Identifying and Treating Postpartum Depression

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Are you experiencing symptoms of postpartum depression? Postpartum or maternal depression is sometimes interchangeably used with the term baby blues. It’s important to understand that PPD is a severe condition, while the term baby blues typically refers to a milder form that lasts between 2 days to 2 weeks after a woman gives birth. In this article, we’ll explain what postpartum depression is, the signs to look for, and when to seek treatment.

What is PPD?

Postpartum depression is a serious mental illness that affects between 10 and 13 percent of women, according to the CDC. That’s between 1 in 8 and 1 in 10 women. It can affect the woman’s ability to care for herself and her baby. To ensure the health and well-being of the mother and new baby, early identification of maternal depression symptoms is essential.

Postpartum Depression

What are the symptoms of PPD?

Postpartum depression is characterized by sadness, hopelessness, anxiety and even guilt. Physical symptoms may include eating more or less than usual, changes in sleeping patterns, difficulty bonding with the baby, and fluctuating energy levels. The woman may also experience physical aches and pains that do not improve with treatment.

If you’re concerned that you have postpartum depression or a woman in your family has postpartum depression, there is a postpartum depression test available at Mental Health America that can help with early identification. Of course, this test is not a definitive diagnosis, so speaking with a professional postpartum counselor, like those at Mind Body Optimization is important.

What causes postpartum depression?

It’s important to understand that postpartum depression doesn’t have a single cause. It’s also not a character flaw in the woman or due to anything the new mother did or didn’t do before, during or after the pregnancy. With that being said, risk factors can increase a woman’s chances of developing maternal depression.

  • The baby was born with health problems or special needs.
  • The woman has had multiple pregnancies.
  • The woman wasn’t excited about becoming a new mom or having the baby.
  • Having multiple births, like twins or triplets.
  • The woman has little social or family support.
  • A different stressful event happened during or shortly after the pregnancy, like a job loss, relationship breakup, or financial difficulties.

Are there any risk factors for developing PPD?

Some risk factors may make it more likely for a woman to develop postpartum depression.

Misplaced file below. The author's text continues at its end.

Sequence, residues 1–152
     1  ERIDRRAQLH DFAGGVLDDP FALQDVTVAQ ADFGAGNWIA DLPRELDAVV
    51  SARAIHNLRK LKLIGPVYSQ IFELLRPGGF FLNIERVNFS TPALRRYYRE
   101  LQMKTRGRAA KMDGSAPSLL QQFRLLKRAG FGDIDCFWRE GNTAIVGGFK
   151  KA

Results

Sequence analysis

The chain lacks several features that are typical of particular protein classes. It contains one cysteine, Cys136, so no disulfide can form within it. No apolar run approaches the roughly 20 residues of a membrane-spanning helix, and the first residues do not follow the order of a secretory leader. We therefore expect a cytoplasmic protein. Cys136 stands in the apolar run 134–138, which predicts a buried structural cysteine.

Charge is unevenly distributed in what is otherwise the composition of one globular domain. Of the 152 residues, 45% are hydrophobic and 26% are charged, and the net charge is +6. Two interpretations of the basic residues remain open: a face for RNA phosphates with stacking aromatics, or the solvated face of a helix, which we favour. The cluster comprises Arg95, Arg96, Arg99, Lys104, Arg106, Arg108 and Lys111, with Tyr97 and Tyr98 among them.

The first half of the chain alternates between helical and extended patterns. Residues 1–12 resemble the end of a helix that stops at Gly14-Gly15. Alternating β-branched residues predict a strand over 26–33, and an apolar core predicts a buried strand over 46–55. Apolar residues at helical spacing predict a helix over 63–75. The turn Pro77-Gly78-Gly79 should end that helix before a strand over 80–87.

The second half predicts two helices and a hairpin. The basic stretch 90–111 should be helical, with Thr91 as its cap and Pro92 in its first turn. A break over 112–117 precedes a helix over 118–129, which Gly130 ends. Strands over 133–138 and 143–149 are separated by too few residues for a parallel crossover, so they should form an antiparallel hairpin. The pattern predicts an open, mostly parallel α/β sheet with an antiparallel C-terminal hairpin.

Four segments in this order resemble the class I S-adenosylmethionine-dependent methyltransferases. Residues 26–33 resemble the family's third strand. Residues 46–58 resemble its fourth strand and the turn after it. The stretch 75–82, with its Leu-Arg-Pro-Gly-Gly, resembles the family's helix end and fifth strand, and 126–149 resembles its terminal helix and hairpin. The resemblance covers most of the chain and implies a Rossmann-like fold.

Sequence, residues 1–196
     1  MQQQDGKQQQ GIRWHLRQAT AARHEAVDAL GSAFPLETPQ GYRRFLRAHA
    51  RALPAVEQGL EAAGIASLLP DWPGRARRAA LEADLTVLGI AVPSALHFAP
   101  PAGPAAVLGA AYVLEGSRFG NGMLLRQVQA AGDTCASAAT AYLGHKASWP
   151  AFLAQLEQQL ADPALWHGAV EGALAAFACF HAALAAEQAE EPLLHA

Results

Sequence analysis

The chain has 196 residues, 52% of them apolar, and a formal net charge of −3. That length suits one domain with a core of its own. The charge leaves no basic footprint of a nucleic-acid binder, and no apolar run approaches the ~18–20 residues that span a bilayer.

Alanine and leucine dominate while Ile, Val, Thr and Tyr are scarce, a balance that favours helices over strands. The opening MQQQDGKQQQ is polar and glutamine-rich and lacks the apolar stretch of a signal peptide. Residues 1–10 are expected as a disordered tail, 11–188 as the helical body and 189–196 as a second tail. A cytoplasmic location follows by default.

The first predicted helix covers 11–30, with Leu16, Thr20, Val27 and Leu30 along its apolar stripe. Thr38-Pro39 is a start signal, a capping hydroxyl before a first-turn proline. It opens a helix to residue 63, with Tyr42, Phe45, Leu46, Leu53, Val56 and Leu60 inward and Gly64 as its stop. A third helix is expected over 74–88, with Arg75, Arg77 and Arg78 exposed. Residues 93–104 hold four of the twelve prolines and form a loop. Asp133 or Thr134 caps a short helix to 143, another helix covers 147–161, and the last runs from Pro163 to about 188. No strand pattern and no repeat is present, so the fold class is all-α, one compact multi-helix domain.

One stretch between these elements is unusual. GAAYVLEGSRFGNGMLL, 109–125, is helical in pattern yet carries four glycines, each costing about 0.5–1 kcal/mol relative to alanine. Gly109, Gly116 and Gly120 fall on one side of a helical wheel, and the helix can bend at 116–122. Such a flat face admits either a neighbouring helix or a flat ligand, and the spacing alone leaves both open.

• Already having a family history or personal history of depression or other mood disorders before becoming pregnant.
  • Being a younger mother.
  • Having premenstrual dysphoric disorder, which is a severe version of PMS.
  • Having marital conflicts or strife in the marriage.

What are the available treatments for postpartum depression?

It’s important to understand that after having a baby, there will be some postpartum adjustment as hormone levels return to normal and the body heals. However, it’s time to seek treatment for persistent and severe symptoms.

Postpartum counseling

Postpartum counseling and therapy are highly effective at treating the depression that occurs after having a baby. This treatment can help the new mother understand her feelings about having a new baby and learn new coping skills to deal with the challenges of caring for the baby.

Postpartum medications

If therapy doesn’t provide enough help, there are postpartum medications that can be prescribed. These may include antidepressants or serotonin reuptake inhibitors (SSRIs).

Postpartum support groups

Joining a support group with other people who have just had babies can help the woman not feel alone in her symptoms. Not to mention, she can read other people’s stories.

What are some tips for coping with PPD?

Are you wondering how to help someone with postpartum depression? Coping with postpartum depression may seem difficult, but there are some tips that can help with the symptoms. Most importantly, encourage the woman to seek help and reach out for support. Finding a good counselor or therapist who performs a PPD screening and provides talk therapy and stress management techniques can be invaluable.

Remind your female family member or friend to practice good self-care. Everyone, including new mothers, needs to take time for themselves. That includes taking a shower, taking time to be with their emotions and understand why they may be feeling the way they do, and getting plenty of exercise.

Next, remind your female friend, family member, wife, or girlfriend to be patient. Postpartum adjustment is real, and it can take time to heal, recover and develop a new normal for daily life.

Lastly, recommend that they seek professional treatment that includes a PPD screening. Mind Body Optimization in Franklin, TN can help you or your female family member heal from their postpartum depression. We offer treatment for mental health issues, including baby blues and maternal depression.